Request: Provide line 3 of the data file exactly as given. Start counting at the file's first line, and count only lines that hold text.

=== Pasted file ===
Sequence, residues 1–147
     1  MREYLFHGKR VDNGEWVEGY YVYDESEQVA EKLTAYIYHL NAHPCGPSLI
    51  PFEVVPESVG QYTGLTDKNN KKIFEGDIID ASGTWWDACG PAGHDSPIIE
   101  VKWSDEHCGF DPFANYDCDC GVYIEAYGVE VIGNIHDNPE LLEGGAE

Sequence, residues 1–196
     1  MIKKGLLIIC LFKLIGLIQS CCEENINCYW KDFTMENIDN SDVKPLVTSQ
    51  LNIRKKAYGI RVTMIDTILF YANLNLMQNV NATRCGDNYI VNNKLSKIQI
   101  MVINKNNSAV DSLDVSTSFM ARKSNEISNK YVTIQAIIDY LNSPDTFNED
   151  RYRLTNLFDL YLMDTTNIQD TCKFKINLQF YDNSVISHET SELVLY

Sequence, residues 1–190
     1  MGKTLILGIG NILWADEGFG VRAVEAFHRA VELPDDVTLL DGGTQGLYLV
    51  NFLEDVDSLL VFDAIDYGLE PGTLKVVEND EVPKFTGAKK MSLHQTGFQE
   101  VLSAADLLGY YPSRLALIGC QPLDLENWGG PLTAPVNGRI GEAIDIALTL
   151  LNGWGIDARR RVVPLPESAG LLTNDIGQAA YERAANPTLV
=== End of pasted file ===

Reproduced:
    51  PFEVVPESVG QYTGLTDKNN KKIFEGDIID ASGTWWDACG PAGHDSPIIE